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Susquehanna Life

Our Natural World: Lessons from Musser Gap

Sep 12, 2019 04:36AM
By Katherine O. Yeaple

In Centre County, about two miles from the main campus of Pennsylvania State University, lies Rothrock State Forest, at the eastern edge of the Appalachian Mountains. This lush woodland was once stripped bare, and the wood burned, to create charcoal to fuel the region’s iron furnaces. Rothrock Forest was named for Dr. Joseph Rothrock a pioneer who led the effort to conserve and manage the forests in Central Pennsylvania.   

Today, Rothrock State Forest encompasses 97,000 acres of forest and over 300 miles of trails.  According to Mark Potter, a park ranger for the Pennsylvania Department of Natural Resources, “Rothrock is home to an unbroken forest, which means it is an important habitat to wildlife and birds. There’s deer, bobcat, ruffed grouse, black bears and rattlesnakes.” 

Nestled in the southeastern border of these narrow ridges and broad valleys are the headwaters of Spring Creek formed by springs in the valley floor.  The Spring Creek watershed wells supply most of the drinking water to Centre County’s residents.


It began with just 423 acres, a small parcel of land at the foothills of Tussey Mountain dubbed Musser Gap.  In 2006, a local non-profit named Clearwater Conservancy bought land slated for a housing development. The impetus behind the purchase was to protect the water quality with forest and riparian buffers. Once Musser Gap was conserved, Katie Ombalski, a Clearwater conservation biologist approached Rob Cooper at PSU’s Office of Physical Plant and asked if Penn State would partner to create a greenway/trail across PSU owned lands that also sit atop the Spring Creek Watershed. 

The greenway would provide a walkable/bikeable connection for residents of State College to Rothrock State Forest and its extensive trail system through the newly protected Musser Gap. Penn State was interested. From 2008 to 2014, Judith Larkin, a landscape architect at Penn State and Ombalski were co-project managers of Musser Gap Greenway and Trail project. The project was awarded a DCNR C2P2 grant for acquisition and development of outdoor recreation facilities. According to Larkin, “It’s a quality of life thing—an asset for the community.”

At the time, Dan Sieminski, associate vice president for Finance and Business at Penn State, characterized the idea this way: “This project is the culmination of a lot of planning and a lot of dreaming.”

In addition to protecting the watershed, the Musser Gap Greenway and Trail project also connects people to nature. According to Ombalski, “By transferring [the property] to Rothrock, it became public land. Recreation is an important part of conservation.”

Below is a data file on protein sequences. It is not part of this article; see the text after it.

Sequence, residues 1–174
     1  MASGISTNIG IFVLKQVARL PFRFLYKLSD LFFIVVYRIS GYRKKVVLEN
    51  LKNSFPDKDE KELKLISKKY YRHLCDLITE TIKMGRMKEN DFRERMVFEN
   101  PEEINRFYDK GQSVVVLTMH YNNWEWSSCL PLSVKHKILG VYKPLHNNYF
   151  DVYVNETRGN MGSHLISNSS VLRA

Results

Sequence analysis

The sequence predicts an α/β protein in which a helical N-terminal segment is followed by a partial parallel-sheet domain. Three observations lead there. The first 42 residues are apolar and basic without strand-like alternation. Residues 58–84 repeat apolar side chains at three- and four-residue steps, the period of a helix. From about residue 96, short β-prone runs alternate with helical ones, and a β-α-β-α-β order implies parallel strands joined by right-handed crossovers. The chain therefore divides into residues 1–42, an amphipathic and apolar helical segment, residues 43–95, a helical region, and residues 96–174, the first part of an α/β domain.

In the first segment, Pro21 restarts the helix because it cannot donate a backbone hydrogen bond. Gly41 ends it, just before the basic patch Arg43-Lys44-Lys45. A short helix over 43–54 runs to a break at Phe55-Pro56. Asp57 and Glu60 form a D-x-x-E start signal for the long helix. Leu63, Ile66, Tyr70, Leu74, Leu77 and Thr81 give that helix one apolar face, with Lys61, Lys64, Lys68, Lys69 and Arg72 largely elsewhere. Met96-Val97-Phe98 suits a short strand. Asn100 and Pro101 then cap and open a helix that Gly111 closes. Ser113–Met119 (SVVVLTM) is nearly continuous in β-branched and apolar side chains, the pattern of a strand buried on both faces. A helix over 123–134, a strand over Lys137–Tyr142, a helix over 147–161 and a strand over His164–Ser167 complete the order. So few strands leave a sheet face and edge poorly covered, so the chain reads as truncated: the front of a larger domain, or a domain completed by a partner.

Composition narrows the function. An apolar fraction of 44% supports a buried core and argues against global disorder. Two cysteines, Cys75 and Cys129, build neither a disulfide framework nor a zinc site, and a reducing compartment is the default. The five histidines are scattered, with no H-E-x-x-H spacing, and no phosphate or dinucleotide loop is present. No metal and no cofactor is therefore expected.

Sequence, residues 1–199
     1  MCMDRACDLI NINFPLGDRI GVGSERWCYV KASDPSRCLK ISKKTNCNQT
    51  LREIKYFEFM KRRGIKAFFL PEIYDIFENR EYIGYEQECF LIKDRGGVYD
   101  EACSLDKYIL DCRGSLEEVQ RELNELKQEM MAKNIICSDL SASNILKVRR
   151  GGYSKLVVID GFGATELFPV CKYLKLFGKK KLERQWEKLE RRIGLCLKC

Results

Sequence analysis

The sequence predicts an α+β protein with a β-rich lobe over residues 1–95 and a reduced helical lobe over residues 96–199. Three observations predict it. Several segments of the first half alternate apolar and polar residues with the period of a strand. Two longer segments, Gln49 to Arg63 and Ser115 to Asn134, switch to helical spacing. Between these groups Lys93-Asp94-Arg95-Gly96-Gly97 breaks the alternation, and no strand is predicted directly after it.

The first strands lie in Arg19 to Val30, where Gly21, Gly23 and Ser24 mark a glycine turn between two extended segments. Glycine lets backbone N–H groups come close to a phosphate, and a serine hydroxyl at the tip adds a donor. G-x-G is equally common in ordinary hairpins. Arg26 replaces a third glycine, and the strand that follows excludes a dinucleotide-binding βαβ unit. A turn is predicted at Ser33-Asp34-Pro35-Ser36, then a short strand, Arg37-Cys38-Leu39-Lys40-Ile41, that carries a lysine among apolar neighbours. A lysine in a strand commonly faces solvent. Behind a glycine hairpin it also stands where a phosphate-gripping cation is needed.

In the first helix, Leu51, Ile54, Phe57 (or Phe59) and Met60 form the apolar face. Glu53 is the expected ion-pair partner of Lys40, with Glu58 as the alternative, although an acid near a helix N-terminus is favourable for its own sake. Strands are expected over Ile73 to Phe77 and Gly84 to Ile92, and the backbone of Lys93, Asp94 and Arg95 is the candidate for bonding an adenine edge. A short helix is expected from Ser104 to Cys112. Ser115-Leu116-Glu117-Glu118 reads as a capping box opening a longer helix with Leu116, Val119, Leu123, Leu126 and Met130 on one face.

The multi-use trail includes a 50-foot steel footbridge across Slab Cabin Run and riparian buffer zone. Other improvements made to the land included the removal of a 1960s-era concrete reservoir. “You’ve got some switchbacks and curves,” says Larkin. “You have grade changes with challenging hills as well as flat levels.”  PSU maintains the trail and greenway as part of a 50-year service agreement.

Personal experience

On a crisp March day, I explored the trail with my dog Jackson. A biker glided through the shallow run and passed me as I walked up the gradual incline and narrows.  At 0.9 miles, I reached a wooden bridge. The clear waters rush downstream over boulders covered in bright green moss. Beyond the bridge, where the biker had dismounted, I veered left following the well-marked red trail blazes of the Misty Mountain Trail. As I climbed, the waters of Musser Run accompanied me in the other direction. 

From the Misty Mountain Trail there are countless interior forest trails, including the 330-mile Mid State Trail or the popular Lower trail in Shingletown Gap. But instead, I turned right to go up the ridge to the Lion’s Valley Vista where the line of sight goes across Happy Valley to Black Moshannon and, further still, the Allegheny Front. Next, I began a steep rocky zig-zag descent down Frog Hollow Loop.  To avoid twisting an ankle I paced myself by occasionally stopping to admire the baby ferns growing along the rock walls.  

The partnership between Clearwater Conservancy and Penn State is ongoing. The next phase of planning, called Musser Gap to Valleylands (MG2V), is to determine the future of the 365-acre parcel of PSU-owned land adjacent to the Musser Gap Greenway and Musser Gap Trail. “We are working together for a healthy environment,” says Deb Nardone, Clearwater’s director.   

One evening at Foxdale Village, a retirement community less than a mile from Musser Gap, students from Penn State’s School of Landscape Architecture presented several design alternatives.  One concept included safe tunnels for turtles to cross under roads while another proposed the reforestation of agricultural lands to conserve wildlife habitat and the watershed. “The goal is that the final plan will balance the different competing needs,” explains Nardone. 

Why is it important to connect people in the community to nature?  Larkin answered simply, “Nature is magical.  Few other things have the same power to inspire, heal, nurture and connect us.”

Katherine Yeaple is a writer who lives in State College.

If You Go

Friends of Rothrock State Forest will host a trail fest on Tussey Mountain Ski Slope Sunday, Sept. 22.  Festivities will include mountain bike rides, guided hikes and several food vendors.  

For other events,

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